To: Interested Parties
From: Congressman Vern Ehlers and Congressman Jim Barcia
RE: Improving Elections by Raising Standards for Voting Technology
Date: July 11, 2001
Next Wednesday, the House Science Committee plans to markup H.R. 2275, the Voting Technology Standards Act of 2001. This bipartisan bill seeks to establish voluntary standards to ensure the accuracy, integrity, security and usability of voting systems.
Why is the bill needed? While many of the problems that have been discovered since the last elections were primarily related to election administration, many others have been directly attributed to voting technology. For example, in Florida the now-infamous punch card system has been blamed for literally thousands of spoiled ballots. A 1987 National Bureau of Standards (now National Institute of Standards and Technology, or NIST) report warned that the technical faults of punch cards and several other kinds of voting technologies were disasters waiting to happen. However, these findings were not acted upon, and the 1990 FEC standards did not rectify the situation either. Robust technical standards are needed to prevent similar situations from happening in the future, especially now as States are moving to adopt electronic voting systems. One significant concern is that, while small numbers of paper or punch-card ballots may be easily manipulated, an entire election can be thrown by rigged software for electronic systems.
What does the bill do? H.R. 2275 establishes a commission that includes state and local election officials to develop voluntary technical standards for voting machines and systems. The commission also develops the technical testing specifications used by testing labs to certify that voting systems meet the standards. In addition, the bill establishes a research program to improve the security, accuracy and integrity of electronic voting systems including potential Internet voting methods, ways to protect voter privacy, and the application of human factors engineering, which include technologies to improve access for persons with disabilities.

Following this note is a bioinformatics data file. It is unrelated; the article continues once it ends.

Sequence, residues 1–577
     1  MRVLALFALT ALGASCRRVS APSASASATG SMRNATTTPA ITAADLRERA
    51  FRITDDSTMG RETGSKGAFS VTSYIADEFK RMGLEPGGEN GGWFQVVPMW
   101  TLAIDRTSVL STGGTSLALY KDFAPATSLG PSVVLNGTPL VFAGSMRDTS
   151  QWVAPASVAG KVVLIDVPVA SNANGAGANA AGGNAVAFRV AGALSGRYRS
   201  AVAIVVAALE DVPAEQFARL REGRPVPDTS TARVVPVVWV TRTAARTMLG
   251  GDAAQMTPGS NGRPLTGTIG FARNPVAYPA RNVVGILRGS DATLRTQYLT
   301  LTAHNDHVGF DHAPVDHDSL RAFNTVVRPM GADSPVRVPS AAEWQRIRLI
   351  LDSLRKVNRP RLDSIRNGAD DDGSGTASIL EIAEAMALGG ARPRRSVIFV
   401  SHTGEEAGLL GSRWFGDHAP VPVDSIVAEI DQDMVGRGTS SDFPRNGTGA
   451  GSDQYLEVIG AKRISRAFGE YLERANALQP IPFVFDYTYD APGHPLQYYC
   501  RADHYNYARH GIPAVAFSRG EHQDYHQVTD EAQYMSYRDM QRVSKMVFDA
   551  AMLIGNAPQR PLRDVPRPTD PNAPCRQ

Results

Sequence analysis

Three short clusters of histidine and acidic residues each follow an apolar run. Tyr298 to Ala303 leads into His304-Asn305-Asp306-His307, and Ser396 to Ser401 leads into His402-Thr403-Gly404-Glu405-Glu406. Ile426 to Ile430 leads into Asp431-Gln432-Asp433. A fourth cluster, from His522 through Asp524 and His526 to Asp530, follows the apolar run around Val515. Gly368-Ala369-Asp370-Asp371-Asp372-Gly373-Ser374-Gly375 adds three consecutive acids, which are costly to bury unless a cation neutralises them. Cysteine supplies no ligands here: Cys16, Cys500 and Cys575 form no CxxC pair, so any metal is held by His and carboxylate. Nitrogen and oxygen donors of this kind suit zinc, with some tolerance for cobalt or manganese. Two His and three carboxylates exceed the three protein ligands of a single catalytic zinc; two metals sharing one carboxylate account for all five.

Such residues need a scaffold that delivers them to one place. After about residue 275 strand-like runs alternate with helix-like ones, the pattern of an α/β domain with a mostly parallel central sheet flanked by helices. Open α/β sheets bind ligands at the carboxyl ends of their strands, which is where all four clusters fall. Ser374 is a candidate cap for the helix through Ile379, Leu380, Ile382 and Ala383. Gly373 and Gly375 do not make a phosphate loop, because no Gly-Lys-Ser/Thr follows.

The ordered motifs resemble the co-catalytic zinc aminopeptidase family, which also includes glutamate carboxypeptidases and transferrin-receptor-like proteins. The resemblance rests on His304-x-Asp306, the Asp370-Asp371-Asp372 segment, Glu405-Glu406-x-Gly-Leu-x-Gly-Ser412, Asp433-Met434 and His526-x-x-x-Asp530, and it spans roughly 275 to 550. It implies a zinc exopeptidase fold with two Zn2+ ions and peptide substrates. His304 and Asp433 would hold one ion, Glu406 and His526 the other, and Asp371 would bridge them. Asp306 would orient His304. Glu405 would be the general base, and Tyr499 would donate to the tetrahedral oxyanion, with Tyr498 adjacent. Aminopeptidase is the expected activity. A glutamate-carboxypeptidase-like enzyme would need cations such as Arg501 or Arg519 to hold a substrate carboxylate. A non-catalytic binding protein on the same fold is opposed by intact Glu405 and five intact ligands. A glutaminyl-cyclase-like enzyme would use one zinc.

Who sits on the new technical standards commission and who determines which standards are set and how? The commission would be comprised of both elections officials and technical experts who develop the technical standards that they determine are necessary according to rules the commissioners design themselves. Specifically, the commission is formed by the director of the National Institute of Standards and Technology (NIST), a representative of the American National Standards Institute (ANSI) and two representatives from the National State Elections Directors (NASED), one from each party. Those four core commissioners then fill out their ranks with whomever they unanimously agree is appropriate, for a total of 13 members. The bill requires that at least two of those additional members must be local election officials.
Why is NIST involved? NIST, a part of the Department of Commerce, is trusted by the private industry as an honest broker and is highly sought after for technical expertise by industry, academia, and other government agencies. Since it began in 1901 as the nation's first federal physical science research laboratory, it has worked closely with the private sector to improve technologies and develop standards for an extremely wide array of devices, like automated teller machines, mammograms and semiconductors. NIST has recognized expertise in computer security and in developing testing procedures to certify that products meet standards, two areas critical for developing robust technical voting standards. It is not a regulatory agency.